Color me shocked upon learning that the lawsuit filed by Kathleen Ford to force a citywide vote on the future of the Saint Petersburg Pier is spiraling into legal and political chaos.
The latest has it that Ford's lawsuit is distressing numerous signers of the incomprehensible petition to seek a referendum on the Pier's fate. Signers are being informed -- via a postcard (how quaint!) -- of their legal entanglement and that they must be a part of Ford's lawsuit either as a plaintiff or a defendant.
Michael P. Allen, a professor at Stetson University College of Law, is skeptical of Ford's latest tactic. "Ms. Ford seems to, through the waiver, be trying to say, if you sign this, then you don't need to be a party. I don't think that can be squared with the judge's order," he said, referring to a December ruling by Pinellas-Pasco Circuit Judge Amy Williams that said each of the more than 15,000 petitioners is a necessary party to the case.
In other words, Ford doesn't know what the hell she is doing!
The truth about Kathleen Ford is that she's not a very good attorney, but she, like most shoddy attorneys, comes off as credible because she sounds like, well, an attorney. To sound smarter than you are is one of the first things you learn at law school.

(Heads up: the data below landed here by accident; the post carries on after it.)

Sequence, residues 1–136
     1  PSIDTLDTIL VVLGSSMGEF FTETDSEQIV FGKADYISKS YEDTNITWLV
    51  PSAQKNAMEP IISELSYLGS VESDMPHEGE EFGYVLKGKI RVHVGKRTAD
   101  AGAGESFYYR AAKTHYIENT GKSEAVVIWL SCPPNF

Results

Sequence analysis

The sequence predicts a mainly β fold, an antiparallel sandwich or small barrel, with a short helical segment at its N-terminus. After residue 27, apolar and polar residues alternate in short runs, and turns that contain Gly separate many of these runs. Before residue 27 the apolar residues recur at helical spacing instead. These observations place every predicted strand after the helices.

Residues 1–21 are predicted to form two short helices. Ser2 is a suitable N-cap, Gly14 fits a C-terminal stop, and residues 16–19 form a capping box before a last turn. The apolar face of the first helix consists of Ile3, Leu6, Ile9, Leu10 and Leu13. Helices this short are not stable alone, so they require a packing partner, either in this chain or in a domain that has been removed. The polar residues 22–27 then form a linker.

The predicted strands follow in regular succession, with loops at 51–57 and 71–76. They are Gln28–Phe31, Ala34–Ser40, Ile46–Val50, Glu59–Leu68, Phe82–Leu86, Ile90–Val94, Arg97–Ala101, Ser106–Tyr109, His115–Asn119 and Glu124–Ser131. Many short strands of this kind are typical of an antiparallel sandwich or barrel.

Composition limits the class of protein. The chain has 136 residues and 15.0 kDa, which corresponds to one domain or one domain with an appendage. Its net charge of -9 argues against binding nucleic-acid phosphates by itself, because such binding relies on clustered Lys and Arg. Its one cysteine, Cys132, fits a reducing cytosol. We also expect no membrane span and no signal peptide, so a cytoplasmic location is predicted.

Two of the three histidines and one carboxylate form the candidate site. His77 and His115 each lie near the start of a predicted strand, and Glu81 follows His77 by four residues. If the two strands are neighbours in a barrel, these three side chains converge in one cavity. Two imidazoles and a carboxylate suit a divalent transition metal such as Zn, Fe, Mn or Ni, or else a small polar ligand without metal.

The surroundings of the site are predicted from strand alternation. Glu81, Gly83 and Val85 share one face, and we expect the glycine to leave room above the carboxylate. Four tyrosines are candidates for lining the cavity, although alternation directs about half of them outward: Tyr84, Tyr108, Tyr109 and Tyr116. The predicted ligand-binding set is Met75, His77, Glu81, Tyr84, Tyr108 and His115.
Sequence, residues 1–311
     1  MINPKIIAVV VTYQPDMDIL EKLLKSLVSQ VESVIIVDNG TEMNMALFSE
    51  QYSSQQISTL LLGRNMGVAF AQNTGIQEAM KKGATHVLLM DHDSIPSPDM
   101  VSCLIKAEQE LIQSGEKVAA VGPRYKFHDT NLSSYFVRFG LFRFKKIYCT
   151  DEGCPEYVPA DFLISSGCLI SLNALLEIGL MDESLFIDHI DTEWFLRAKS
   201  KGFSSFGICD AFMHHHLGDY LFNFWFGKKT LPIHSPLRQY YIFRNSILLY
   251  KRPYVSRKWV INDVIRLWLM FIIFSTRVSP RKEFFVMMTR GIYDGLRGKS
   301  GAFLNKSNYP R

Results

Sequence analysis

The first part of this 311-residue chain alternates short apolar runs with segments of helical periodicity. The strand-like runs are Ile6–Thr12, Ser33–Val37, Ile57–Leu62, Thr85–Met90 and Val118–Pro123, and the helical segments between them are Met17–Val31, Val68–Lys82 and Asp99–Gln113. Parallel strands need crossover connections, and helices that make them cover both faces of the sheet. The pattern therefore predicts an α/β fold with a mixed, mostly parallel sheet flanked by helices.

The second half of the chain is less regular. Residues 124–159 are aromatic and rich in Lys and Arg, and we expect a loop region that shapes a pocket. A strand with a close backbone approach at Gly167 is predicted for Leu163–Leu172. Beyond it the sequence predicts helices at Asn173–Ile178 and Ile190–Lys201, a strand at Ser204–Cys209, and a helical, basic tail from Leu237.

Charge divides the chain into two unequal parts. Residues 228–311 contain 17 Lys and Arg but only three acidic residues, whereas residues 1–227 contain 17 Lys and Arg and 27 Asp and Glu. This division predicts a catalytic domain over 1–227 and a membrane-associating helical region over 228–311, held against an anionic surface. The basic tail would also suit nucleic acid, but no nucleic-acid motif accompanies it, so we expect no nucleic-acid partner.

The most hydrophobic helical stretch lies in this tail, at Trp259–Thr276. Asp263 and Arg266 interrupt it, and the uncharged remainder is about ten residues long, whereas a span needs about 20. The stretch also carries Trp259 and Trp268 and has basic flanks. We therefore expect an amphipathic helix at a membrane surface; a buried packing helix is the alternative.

Speaking of which, keep in mind that Ford's law degree is from South Texas College of Law, universally regarded as one of, if not THE, worst law schools in the United States. There are law schools in the Dominican Republic which garner more respect than South Texas.
Another thing to keep in mind when evaluating Ford's legal prowess is the fact that during the year before Ford last attempted to run for St. Petersburg Mayor, she made a whopping $35,634 from her legal work. Ask yourself this, do you know of any other lawyer earning such a small salary? I don't. Public defenders (bless their souls) do better than that. To contrast, Bill Foster, with his and his dad's will and probate mill, grinded out $180K a year.
Lawyers are, in part, measured by their billable hour rate and their salary. By that standard, Ford ranks pretty low on the totem pole.
By the way, this isn't the first time Ford has screwed up a citywide ballot initiative. I saw firsthand her intellectual clumsiness during POWW's effort to put a referendum on the ballot about public financing of a new stadium for the Tampa Bay Rays. The language Ford drafted for POWW's petition was so incomprehensible and unwieldy, it made signature gathering all but impossible.
It's this experience that has me in disbelief about the current debate over the future of the Pier; disbelief not in the level of rancor involved in the debate, but that, based on her twenty-year track record of being plain wrong, why anyone is still listening to Ford.